Last year, as part of continence awareness week, University Hospitals of Leicester NHS Trusts (UHL) adult continence team launched their ‘taste the difference challenge’. The team worked collaboratively with ward staff and housekeepers in Leicester’s Hospitals, to promote and offer decaffeinated tea and coffee to inpatients across the trust. The campaign aims were to educate staff and patients about the benefits of switching to decaffeinated tea and coffee for a healthy bladder and gathering patient feedback (e.g. could patients taste the difference, and would patients make the switch to decaffeinated once they knew the health benefits). 

How does caffeine irritate the bladder? 

Caffeine is considered a mild diuretic, increasing blood flow to the kidneys and increasing the amount of fluid and sodium filtered in the renal cortex, resulting in increased urine production. It also stimulates the detrusor smooth muscle and lowers the threshold of the bladder filling phase resulting in increased urinary frequency and urgency (Jura et al, 2011).  

It is suggested that stopping or reducing caffeine to under 100mg per day (one cup of percolated coffee) can reduce urinary urgency and nocturnal enuresis (Le Berre et al, 2020). 

Why is switching to decaffeinated tea and coffee a good idea? 

Apart from reducing overactive bladder symptoms such as urinary urgency, there are other health benefits including: 
  • Reduction in sleep disturbance and insomnia 
  • Reduction in tachycardia and palpitations 
  • Helping to prevent dehydration and headaches 
  • Reducing indigestion 
  • Lowering risk of osteoporosis (caffeine may prevent absorption of calcium) (NHS inform, 2021).  
The UHL continence team launched a ‘taste the difference challenge’ following an acute ward based pilot project, which was experiencing an increase in inpatient falls related to toileting. In UHL, falls associated with toileting equate to 1:4 (between 2020-2021) and research suggests a high correlation between falls and lower urinary tract symptoms in hospital (Roggeman et al, 2020). 

What did the project involve? 

The pilot considered a holistic approach to falls related to toileting and continence. After observations of care and talking to staff, it was identified that decaffeinated drinks were not routinely offered during drinks rounds. Staff did not know the benefits of switching to decaffeinated tea and coffee, such as reducing urinary urgency which could potentially reduce a person’s risk of falls.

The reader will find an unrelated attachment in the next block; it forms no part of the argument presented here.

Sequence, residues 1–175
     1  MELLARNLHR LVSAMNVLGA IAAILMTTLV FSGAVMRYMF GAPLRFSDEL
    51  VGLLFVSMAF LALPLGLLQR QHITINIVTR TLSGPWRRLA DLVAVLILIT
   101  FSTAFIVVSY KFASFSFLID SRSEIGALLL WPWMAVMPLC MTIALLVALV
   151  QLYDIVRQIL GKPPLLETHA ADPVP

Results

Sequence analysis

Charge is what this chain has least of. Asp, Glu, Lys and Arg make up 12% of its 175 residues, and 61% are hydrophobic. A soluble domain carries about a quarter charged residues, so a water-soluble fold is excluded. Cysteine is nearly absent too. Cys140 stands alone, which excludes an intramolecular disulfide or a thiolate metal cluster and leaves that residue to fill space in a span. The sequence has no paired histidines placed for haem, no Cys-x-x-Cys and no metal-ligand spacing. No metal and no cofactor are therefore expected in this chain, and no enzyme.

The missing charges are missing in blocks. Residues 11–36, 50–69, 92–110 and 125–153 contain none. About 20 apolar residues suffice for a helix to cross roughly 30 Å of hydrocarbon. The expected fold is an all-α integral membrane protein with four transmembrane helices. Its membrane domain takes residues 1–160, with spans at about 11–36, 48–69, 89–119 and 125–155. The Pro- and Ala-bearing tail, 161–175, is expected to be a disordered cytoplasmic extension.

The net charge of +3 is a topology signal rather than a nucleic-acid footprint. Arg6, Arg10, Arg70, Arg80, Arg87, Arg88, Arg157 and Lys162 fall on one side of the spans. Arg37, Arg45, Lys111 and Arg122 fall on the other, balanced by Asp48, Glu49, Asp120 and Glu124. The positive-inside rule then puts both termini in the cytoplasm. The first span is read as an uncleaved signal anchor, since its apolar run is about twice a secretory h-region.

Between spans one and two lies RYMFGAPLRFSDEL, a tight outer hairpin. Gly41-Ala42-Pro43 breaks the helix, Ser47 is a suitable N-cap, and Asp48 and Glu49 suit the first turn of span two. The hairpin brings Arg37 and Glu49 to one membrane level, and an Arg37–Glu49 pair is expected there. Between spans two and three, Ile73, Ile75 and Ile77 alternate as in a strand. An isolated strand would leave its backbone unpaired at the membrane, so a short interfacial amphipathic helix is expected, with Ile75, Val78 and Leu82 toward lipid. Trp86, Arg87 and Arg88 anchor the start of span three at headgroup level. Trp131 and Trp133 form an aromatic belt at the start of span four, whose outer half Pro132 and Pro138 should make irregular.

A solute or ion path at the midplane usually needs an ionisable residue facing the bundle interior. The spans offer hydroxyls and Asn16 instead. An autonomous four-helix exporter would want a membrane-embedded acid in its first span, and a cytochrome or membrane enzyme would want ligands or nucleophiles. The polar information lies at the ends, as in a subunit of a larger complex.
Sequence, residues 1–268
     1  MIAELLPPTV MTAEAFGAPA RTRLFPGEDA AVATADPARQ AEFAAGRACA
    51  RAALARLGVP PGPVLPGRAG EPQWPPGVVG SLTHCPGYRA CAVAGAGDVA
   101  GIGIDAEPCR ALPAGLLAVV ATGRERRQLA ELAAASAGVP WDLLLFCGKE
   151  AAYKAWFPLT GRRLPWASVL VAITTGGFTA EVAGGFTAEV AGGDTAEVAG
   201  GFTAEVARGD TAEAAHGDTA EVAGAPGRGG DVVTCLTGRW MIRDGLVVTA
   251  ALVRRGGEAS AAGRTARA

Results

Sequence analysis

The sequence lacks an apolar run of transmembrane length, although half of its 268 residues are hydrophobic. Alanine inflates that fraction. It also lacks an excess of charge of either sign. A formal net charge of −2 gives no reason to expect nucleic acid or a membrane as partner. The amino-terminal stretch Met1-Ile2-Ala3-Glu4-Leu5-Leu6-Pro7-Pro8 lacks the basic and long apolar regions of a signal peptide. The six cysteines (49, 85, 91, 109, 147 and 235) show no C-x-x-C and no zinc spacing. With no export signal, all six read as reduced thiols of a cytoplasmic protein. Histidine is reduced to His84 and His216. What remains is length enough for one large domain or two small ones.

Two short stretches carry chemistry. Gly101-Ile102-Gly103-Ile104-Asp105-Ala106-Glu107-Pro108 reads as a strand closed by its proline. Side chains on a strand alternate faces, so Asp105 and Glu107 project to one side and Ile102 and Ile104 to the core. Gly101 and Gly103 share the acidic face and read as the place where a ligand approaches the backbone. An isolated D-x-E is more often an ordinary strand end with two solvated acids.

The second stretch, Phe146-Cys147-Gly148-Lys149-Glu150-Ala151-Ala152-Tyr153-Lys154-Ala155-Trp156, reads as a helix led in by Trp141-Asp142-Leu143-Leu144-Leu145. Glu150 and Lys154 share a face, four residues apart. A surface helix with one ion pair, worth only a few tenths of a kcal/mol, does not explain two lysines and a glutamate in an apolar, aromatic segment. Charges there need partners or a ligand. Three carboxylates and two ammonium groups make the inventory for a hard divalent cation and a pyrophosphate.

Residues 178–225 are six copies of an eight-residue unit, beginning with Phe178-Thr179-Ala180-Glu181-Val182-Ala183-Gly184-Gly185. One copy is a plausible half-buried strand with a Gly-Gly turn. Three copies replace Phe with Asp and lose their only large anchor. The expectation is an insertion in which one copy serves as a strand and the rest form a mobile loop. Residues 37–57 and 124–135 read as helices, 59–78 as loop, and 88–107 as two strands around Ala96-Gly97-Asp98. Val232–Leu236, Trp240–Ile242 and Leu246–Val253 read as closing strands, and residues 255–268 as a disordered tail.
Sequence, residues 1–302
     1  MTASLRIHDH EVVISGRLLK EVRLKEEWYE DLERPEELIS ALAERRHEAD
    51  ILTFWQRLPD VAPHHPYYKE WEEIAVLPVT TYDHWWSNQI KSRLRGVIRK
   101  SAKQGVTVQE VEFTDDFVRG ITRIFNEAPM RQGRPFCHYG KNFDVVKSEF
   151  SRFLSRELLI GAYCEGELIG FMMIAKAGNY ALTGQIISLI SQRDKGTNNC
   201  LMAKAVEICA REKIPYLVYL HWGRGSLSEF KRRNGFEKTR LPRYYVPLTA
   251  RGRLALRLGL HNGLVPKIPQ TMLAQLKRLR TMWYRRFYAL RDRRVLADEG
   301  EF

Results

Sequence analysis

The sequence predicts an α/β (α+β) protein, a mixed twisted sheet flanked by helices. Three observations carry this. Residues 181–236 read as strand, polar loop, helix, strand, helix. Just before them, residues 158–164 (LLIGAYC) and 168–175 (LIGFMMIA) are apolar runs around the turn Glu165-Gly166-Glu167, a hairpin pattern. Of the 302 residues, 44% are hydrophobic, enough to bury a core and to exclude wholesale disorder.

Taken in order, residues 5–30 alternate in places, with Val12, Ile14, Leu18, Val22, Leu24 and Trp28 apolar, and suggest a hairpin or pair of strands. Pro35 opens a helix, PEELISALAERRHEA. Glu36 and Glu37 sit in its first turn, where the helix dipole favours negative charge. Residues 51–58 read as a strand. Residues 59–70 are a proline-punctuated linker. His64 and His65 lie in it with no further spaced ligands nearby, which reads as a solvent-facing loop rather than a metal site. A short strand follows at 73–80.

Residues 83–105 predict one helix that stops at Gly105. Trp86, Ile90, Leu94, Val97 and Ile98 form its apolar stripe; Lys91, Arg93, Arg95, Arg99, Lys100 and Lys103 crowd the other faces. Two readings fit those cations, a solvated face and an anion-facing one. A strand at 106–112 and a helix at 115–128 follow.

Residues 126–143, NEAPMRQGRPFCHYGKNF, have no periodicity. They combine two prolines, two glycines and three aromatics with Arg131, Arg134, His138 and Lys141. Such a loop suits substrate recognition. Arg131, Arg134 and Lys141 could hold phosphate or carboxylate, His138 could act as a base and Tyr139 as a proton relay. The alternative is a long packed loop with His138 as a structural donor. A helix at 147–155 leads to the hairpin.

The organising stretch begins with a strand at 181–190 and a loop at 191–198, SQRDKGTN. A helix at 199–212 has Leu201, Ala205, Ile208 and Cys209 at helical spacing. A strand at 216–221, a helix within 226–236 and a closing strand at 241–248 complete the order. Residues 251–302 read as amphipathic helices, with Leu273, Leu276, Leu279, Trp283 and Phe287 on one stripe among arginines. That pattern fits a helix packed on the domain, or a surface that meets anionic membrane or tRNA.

We asked housekeepers to proactively offer patients decaffeinated tea and coffee, and patient feedback indicated that most patients could not taste the difference. A resource pack was also developed for the ward which included coasters, posters and patient information leaflet to explain the benefits and promote decaffeinated tea and coffee (figures 1, 2, 3 and 4).

Figure 1

Figure 2

Figure 3

Figure 4

Figure 5. Sarah with the patient feedback form.

What was found during the challenge? 

During the challenge, the team collated nearly 700 pieces of patient feedback (figure 5) which included over 50% of patients saying they could not taste the difference and over 76% patients reporting they would switch to decaffeinated once they knew the health benefits. 

A recommendation was made to the trusts chief nurse and executive board to consider making decaffeinated tea/coffee served as default with caffeinated tea and coffee remaining as an alternative option for patients. The trusts leadership team decided to support the initiative and on 14th February 2022, the switch to serving decaffeinated tea and coffee was launched. Importantly, this meant whilst promoting the health benefits of decaffeinated hot drinks as standard, the choice for patients to choose caffeinated drinks would still be there. 

Feedback from patients after the launch of decaffeinated tea and coffee 

Patients attending UHLs outpatient continence clinic with an overactive bladder, who have switched to decaffeinated tea or coffee, have asked whether their urinary symptoms have improved.  Results indicate 63% of patients reported an improvement in overactive bladder symptoms. 

One month after the trust launch of decaffeinated tea and coffee, the continence team visited each ward and spoke to housekeepers and nursing staff for feedback on how the switch to decaffeinated drinks was received by patients. Overwhelmingly, feedback was positive. Most patients could not taste the difference, and some hospital staff reported to switching to decaffeinated themselves, having learnt of the health benefits.